By Léo Azambuja
A year ago, I became editor of For Kaua‘i. I was lucky to take over a well-designed and well-structured business. As much as I wanted to introduce changes right away, I knew For Kaua‘i was a successful monthly publication, so I just went with the flow.
Oftentimes, however, change is inevitable. And that’s exactly what happened.
Over the course of a year, I built an eclectic and talented team of contributing writers, many with tons of professional experience, others just starting and eager to speak their minds.
We now have about 10 contributing writers, give it or take it, each month. You may not like them all (I do), but you’ll for sure find a few interesting stories at For Kaua‘i, ranging from culture to science, arts, food, people, environment, and the list goes on.
But here’s our major change. From now on, we’ll be wearing our cultural identity. Let me explain.
Every time we led the newspaper with a culturally significant story, we had massive positive responses from our readers. For example, when we featured a statue of King Kaumuali‘i on the cover, we couldn’t keep enough newspapers in the newsstands.
After many staff meetings, we decided we would lead For Kaua‘i with a culturally significant story every month. But when we looked back, this new direction felt more like admitting what we were mostly doing rather than having a major makeover. After all, this past year, we published many stories that were either all about culture or had cultural snippets.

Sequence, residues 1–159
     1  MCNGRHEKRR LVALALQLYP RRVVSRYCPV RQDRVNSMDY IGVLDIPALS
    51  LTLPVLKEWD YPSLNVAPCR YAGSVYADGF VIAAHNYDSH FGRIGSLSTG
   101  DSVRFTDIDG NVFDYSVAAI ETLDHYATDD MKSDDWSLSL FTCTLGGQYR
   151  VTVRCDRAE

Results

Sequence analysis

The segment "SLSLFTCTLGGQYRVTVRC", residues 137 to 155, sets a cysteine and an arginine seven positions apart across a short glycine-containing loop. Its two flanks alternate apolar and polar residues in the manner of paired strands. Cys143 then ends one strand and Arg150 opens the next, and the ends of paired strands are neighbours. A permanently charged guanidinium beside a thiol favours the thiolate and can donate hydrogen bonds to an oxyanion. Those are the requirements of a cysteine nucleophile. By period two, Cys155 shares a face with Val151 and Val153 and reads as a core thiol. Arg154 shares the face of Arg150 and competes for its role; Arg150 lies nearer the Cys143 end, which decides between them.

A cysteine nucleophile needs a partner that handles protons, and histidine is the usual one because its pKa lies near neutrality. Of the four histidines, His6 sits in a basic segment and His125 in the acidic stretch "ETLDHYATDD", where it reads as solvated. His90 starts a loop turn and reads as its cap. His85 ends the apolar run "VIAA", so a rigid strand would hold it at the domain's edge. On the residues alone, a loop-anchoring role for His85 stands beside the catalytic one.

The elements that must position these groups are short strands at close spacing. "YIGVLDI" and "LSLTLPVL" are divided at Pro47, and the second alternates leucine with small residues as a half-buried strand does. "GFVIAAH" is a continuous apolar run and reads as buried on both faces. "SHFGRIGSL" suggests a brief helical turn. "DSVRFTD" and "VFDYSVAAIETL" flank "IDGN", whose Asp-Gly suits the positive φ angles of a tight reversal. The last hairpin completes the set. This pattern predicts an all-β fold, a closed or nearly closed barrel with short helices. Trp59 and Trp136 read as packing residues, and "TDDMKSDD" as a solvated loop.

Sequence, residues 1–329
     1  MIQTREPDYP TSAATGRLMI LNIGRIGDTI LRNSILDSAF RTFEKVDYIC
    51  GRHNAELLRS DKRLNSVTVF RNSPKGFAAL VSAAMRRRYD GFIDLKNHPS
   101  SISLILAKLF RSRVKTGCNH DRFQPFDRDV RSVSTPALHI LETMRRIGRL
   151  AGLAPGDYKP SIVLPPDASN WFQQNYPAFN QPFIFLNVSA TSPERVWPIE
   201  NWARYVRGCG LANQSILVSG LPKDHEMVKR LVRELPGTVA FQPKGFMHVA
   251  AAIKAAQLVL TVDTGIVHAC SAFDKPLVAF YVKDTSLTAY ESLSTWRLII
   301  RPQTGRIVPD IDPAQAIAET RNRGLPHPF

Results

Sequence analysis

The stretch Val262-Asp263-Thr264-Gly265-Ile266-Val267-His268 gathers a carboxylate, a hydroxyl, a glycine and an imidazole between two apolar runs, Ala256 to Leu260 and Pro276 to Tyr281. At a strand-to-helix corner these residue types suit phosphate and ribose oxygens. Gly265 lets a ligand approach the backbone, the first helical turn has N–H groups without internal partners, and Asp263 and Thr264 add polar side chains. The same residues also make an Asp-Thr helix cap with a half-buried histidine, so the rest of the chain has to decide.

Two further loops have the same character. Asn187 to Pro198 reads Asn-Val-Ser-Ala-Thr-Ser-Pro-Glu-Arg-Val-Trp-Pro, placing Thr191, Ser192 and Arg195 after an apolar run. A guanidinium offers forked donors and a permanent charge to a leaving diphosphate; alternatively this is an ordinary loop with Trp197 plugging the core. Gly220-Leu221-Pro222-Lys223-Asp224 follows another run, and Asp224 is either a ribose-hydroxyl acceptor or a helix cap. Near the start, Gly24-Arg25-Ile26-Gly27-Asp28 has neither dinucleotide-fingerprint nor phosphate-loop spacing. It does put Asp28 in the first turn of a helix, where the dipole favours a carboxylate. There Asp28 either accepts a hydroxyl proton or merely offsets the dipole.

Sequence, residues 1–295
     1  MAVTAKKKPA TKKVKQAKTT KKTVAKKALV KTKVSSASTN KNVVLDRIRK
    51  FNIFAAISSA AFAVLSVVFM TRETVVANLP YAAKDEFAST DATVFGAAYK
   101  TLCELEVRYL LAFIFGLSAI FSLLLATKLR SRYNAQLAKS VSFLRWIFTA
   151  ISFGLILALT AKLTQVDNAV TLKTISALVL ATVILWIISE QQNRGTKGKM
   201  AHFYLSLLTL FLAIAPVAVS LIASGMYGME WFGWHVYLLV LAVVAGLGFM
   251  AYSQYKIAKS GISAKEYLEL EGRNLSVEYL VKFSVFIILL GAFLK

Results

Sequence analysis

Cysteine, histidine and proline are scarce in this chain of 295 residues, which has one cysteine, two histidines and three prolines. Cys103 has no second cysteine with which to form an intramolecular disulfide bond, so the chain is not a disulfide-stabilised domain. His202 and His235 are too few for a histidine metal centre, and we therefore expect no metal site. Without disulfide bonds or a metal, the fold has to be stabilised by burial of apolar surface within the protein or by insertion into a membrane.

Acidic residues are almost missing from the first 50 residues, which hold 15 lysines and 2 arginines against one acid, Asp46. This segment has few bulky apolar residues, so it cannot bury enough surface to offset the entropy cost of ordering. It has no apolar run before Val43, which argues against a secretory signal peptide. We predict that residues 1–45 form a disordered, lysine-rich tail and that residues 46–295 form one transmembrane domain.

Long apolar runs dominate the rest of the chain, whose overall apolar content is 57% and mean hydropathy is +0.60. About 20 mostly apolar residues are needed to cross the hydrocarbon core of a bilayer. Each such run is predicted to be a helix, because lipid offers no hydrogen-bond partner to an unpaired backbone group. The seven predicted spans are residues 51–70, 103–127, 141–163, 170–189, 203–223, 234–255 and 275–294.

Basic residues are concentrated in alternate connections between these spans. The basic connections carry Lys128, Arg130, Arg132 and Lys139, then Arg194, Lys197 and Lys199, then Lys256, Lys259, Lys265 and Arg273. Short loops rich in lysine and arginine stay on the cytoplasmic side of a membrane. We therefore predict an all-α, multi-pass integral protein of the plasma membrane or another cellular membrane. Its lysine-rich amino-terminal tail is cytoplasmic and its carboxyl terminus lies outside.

So we decided that going forward, we are going to dig much deeper into culturally and historically significant stories. For that, we are teaming up with the Kaua‘i Historical Society, working with their staff and volunteers to bring the best stories possible to our readers.
I’m excited in many levels.
As a journalist and as an editor, I believe weekly and monthly publications should have an identity, a character that separates them from daily newspapers. For us, it’s the cultural and historical identity.
As an island resident of more than 20 years, having graduated from Kaua‘i Community College and having earned a journalism degree from the University of Hawai‘i at Manoa, I feel a responsibility to preserve and perpetuate what we have. I believe by exposing Kaua‘i’s rich culture and history, our newspaper would fulfill that responsibility.
We may be a small paper, but we know well the power of change that each of us has. And although small, we do have a healthy print distribution of 40,000, plus more than half-million hits online (www.ForKauaiOnline.com), which make our publication a remarkable tool to help to perpetuate the cultural and historic legacy of this island.
After all, Kaua‘i’s culture and history is not just a gift to our island residents; it’s a gift to all humanity. It’s how important this island is.